The last elections prove how overwhelmingly the structural bases of power serve Sinhala nationalism. The JVP for example lost several seats purely because its core platforms of Sinhala nationalism and anti-market economics were more convincingly taken up by the UPFA and President Rajapaksa.
In a contest between the UNP and the SLFP – both of which are essentially Sinhalese entities despite the token Tamils – the party that more aggressively pursued the Sinhala national project has won convincingly.
What we see now is another phase in the further entrenching of the Sinhala people’s dominance over the non-Sinhala.
It is not merely a question of human rights abuses, or lack of media freedom, or lack of governance. Rather, it is a specific kind of governance. This is why the Sinhala people – as in 1956 – are with Rajapaksa and his party.
To repeat, the core driver of Sri Lankan politics continues to be this Sinhala majoritatian nationalism.
This mass ideology predates independence and has now been entrenched in the mechanisms of the state. It is now carried forward in the state bureaucracy, the composition, practices and strategies of the military, the directing of international aid and state investment to some places and not others, and so on.
This Sinhala majoritarianism remains the central obstacle to the constitutional recognition of the Tamils, and other Tamil speaking peoples, as having a rightful place, equal to the Sinhalese, on the island.
And until it is confronted and checked, a truly democratic and peaceful Sri Lanka, one which treats all communities as equal, will remain an impossible dream.
It is worth noting that the ascendancy of this Sinhala majoritarianism has taken place while the country has been in the close embrace of the international community. After several decades of ‘engagement’ by the liberal West there still isn’t a hairsbreadth of liberal space in Sri Lanka. Indeed, it can be argued that Sri Lanka has headed successfully in the opposite direction.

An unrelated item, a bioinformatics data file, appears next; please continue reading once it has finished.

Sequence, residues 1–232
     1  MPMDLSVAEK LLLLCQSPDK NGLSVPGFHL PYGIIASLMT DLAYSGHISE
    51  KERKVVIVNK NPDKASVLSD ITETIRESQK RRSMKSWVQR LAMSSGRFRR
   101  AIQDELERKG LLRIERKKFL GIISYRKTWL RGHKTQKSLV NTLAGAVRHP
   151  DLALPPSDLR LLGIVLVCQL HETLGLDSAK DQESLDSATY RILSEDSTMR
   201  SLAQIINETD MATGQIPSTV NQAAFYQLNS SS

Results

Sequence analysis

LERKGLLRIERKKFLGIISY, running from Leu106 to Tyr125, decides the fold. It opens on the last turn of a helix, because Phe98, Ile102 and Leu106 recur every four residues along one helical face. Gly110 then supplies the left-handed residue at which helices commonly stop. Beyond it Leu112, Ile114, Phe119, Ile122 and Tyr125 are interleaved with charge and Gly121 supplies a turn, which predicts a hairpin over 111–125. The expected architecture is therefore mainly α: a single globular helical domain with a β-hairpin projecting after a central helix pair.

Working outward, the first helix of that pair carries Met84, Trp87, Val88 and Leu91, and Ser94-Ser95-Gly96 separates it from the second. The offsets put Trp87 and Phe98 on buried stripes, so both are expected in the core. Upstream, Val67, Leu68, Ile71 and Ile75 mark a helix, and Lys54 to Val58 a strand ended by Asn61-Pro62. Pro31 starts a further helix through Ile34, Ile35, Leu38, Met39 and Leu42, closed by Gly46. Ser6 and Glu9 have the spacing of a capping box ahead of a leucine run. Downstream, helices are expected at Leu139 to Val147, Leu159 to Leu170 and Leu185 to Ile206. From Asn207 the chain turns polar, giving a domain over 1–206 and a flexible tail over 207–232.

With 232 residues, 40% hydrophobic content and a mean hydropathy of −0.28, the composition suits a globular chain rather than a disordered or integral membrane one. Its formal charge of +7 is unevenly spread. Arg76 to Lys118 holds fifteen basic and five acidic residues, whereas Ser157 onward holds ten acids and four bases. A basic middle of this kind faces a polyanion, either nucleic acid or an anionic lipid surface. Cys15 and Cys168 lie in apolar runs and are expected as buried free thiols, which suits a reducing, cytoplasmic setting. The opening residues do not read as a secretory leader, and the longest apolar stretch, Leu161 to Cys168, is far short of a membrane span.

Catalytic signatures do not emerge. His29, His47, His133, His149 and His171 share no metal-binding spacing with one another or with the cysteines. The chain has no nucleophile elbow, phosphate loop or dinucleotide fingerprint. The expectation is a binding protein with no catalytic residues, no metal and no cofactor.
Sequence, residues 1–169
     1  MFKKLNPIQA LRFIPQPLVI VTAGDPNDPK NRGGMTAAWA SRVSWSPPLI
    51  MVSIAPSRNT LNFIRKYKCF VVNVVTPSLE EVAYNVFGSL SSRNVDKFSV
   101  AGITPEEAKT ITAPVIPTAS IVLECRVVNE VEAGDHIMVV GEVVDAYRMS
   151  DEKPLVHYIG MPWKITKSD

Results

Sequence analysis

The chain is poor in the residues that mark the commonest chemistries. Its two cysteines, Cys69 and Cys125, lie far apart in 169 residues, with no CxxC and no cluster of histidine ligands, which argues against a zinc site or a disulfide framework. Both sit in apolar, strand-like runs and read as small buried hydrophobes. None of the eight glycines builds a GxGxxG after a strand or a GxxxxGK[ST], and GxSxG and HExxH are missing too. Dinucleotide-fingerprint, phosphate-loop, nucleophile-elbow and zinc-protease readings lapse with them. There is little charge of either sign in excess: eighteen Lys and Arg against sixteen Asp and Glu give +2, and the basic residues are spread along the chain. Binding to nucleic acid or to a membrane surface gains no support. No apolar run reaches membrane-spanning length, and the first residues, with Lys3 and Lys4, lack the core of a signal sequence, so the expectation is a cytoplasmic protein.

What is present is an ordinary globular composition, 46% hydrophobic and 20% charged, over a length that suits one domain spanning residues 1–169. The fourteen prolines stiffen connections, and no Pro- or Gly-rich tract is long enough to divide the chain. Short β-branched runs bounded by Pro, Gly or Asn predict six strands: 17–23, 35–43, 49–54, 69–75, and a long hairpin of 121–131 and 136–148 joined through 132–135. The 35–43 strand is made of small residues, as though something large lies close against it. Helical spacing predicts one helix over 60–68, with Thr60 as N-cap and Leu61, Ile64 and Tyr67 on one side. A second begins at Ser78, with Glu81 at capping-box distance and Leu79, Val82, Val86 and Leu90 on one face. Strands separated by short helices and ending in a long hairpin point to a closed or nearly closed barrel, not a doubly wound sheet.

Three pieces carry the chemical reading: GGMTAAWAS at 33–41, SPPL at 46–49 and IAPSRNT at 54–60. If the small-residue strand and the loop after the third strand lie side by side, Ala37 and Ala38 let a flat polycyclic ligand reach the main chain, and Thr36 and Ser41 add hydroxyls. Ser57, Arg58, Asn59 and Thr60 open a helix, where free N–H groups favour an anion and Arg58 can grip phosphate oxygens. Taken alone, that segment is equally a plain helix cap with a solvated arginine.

Thus the war continues in Sri Lanka through politics. And as long as the war continues, there will be resistance. Some of us focus on media freedom, others are more driven by human rights concerns, or the humanitarian or developmental needs of the oppressed. But unless all of us recognize that the problems we are opposing stem from a strategic logic embedded in the state, we cannot succeed in our objectives.
We do not believe the course of Sinhala majoritarianism will change from within. Every effort by the Tamils to negotiate or reason with this majoritarianism has resulted in further violence. Look at the history of constitutional change since independence, for example.
Sri Lanka today is in a state of flux. As the Sinhala-dominated and supported state continues to wage war on the Tamil speaking communities, various forms of resistance will emerge, not only from within, but also from without. Today, the Tamils problem is being assessed and reflected upon in far more spaces across the world than ever before in our history.
I have of course not forgotten that we are here today to mark the fifth anniversary of the Sri Lankan state’s murder of Sivaram. In closing, I would like to say a few words about him.
The Tamil Guardian has had a relation with Sivaram almost since it began. He was instructor and mentor to the longer-serving volunteers on the paper. He taught us not only how to write, but how to think through the complexities of politics; to go beyond a surface analysis of a problem and explore the underlying structural movements. For this we are grateful.
As long as the oppression of Tamils continues, so too must the struggle for Tamil rights. Most of us knew Sivaram through our engagement in this struggle. I think it behooves us all to continue to remain committed, in whatever field we are in, to continue his resistance.